Institutional Memory

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The biggest sporting event in the world, the Olympic Games, has to face a huge problem every four years: the lack of institutional memory. THere's a new organizing committee each time around, with little opportunity to learn from past mistakes except to observe their immediate predecessor. But that doesn't do them much good with each Olympics in a different country and climate and thus a different set of priorities and expectations from their own citizenry.

The FEI keeps certain standards consistent for the equestrian events, but those don't address many logistical concerns. When you been to several Olympics, as I have, you keep asking why they can't get the (fill in the blank with such things as transportation, food, cover over the press section) right for once.

The USEF sets standards for horse shows in this country, and how attentive a show is to the federation?s rules is certainly important to the competitors. But competitors don't really notice whether shows are USEF-compliant unless a big mistake occurs. What they do notice are competitor-friendly matters such as the quality of the stabling and footing, the efficiency of the office staff, judge selection, and the overall attitude of those connected with the show. Is the show?s management welcoming and able to address legitimate concerns, or is it surly'

Show supervision has evolved over the years from volunteers to pros. Often it's a combination of both, with professionals in such key positions as manager and secretary, while a sponsoring organization staffs the other positions with volunteers. One key here is continuity. Are there new people every year running things, or is there relatively little turnover so attention can be focused on doing things better rather than reinventing the wheel'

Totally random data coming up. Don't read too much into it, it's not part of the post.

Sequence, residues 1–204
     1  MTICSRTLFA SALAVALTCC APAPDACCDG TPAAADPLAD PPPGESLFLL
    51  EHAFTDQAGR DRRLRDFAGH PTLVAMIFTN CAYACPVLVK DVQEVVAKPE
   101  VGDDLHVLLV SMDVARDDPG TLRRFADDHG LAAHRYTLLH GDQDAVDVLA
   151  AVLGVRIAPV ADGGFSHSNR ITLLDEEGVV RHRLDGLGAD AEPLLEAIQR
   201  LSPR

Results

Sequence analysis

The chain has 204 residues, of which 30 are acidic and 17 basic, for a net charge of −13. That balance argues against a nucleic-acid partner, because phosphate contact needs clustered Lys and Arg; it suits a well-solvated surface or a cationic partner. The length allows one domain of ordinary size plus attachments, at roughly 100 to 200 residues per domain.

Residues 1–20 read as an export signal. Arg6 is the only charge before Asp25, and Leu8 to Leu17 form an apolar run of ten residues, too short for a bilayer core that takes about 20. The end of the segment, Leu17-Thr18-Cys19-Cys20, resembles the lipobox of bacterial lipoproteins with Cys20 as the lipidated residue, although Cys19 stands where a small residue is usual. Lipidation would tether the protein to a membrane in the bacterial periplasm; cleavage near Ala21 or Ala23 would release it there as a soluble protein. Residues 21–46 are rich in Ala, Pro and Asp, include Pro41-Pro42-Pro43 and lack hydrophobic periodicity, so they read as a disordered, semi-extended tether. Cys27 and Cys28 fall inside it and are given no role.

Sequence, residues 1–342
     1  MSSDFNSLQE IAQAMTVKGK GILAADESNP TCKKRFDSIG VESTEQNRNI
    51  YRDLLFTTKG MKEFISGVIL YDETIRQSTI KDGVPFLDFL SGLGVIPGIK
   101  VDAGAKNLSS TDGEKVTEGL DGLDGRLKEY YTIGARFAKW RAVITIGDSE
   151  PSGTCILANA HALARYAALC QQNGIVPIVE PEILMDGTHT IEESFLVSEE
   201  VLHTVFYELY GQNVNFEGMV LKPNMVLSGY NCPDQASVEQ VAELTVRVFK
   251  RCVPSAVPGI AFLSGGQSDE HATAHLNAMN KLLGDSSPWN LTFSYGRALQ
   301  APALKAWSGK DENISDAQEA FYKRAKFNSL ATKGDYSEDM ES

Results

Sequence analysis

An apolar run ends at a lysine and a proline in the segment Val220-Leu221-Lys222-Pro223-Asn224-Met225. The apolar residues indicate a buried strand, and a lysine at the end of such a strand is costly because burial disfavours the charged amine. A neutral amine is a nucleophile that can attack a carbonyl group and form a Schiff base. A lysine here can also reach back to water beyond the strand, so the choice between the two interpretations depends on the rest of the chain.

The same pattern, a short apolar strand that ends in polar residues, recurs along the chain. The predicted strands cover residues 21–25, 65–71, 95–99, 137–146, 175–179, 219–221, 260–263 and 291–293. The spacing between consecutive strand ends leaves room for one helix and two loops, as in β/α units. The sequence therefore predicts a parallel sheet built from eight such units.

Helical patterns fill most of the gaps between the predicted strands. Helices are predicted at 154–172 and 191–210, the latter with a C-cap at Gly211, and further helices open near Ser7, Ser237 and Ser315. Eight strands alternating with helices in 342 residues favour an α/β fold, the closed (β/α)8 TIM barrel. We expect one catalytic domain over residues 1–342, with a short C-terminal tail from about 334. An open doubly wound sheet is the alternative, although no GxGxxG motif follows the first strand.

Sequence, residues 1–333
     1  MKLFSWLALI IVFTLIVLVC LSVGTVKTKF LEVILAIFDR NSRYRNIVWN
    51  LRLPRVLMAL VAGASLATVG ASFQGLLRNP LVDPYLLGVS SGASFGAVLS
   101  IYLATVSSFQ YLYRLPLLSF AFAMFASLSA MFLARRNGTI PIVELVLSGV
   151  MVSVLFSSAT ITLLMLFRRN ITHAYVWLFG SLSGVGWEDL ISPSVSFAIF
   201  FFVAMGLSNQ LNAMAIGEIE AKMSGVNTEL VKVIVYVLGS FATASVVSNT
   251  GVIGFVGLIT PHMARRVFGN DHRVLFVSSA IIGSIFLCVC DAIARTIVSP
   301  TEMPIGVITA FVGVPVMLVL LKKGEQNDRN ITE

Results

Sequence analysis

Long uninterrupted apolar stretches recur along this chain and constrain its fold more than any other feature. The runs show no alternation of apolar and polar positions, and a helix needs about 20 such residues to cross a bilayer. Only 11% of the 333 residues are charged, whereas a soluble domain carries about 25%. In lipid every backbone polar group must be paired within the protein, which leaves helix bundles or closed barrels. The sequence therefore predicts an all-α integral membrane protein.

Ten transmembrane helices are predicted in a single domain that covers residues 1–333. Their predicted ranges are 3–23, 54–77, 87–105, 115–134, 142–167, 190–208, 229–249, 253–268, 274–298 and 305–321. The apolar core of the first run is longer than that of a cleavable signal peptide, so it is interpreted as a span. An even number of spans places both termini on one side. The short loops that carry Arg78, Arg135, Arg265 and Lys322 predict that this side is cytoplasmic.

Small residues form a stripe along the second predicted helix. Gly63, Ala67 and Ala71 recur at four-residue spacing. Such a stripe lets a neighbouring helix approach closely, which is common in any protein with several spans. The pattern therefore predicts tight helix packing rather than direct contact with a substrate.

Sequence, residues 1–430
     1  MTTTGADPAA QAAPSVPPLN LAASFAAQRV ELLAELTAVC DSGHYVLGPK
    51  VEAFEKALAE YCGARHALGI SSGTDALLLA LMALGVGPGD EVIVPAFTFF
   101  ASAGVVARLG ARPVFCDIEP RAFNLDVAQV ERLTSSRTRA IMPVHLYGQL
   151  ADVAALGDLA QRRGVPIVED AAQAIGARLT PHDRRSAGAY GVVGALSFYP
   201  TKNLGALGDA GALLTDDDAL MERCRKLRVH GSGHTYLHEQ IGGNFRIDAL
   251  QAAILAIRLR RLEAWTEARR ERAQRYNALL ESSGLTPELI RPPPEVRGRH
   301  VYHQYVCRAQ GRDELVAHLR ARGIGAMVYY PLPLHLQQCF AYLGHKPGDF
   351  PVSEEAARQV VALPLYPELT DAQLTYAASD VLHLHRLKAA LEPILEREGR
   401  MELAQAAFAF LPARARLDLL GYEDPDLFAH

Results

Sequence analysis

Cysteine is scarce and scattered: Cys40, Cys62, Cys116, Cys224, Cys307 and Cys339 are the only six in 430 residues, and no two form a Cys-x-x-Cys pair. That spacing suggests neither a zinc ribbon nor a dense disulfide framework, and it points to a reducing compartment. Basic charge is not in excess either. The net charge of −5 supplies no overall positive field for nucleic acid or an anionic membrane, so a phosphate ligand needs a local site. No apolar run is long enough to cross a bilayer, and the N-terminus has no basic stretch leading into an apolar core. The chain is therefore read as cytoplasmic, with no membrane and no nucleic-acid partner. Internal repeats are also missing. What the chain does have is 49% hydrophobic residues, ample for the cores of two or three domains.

When a new show is added to the calendar, competitors have to decide if they?ll take a chance on it. If they do and find that too many things are slipshod, they may be willing to give the show another try the next year if management seems unwilling to learn from its mistakes. If there are major problems a couple years in a row, they won?t be back.

While footing and stabling are huge concerns, they often aren?t under the control of show management, but rather the rented facility. And weather is under no one?s control, so show management has to be prepared for contingencies. If the show takes on the added task of attracting spectators, they have to put on a show as well as a horse show, particularly if they charge admission and attract spectators from the community at large.

Institutional memory is a valuable resource to handle these matters. At this time of year, people who accept the responsibility to run shows have time to reflect on whether they're effective at serving their constituency. They need to evaluate what they do particularly well and what they can ? and must ? do better. When competitors have a limited showing budget and need to pick and choose where to send entries, they will choose the shows that continue to prove their value.

Margaret Freeman
Associate Editor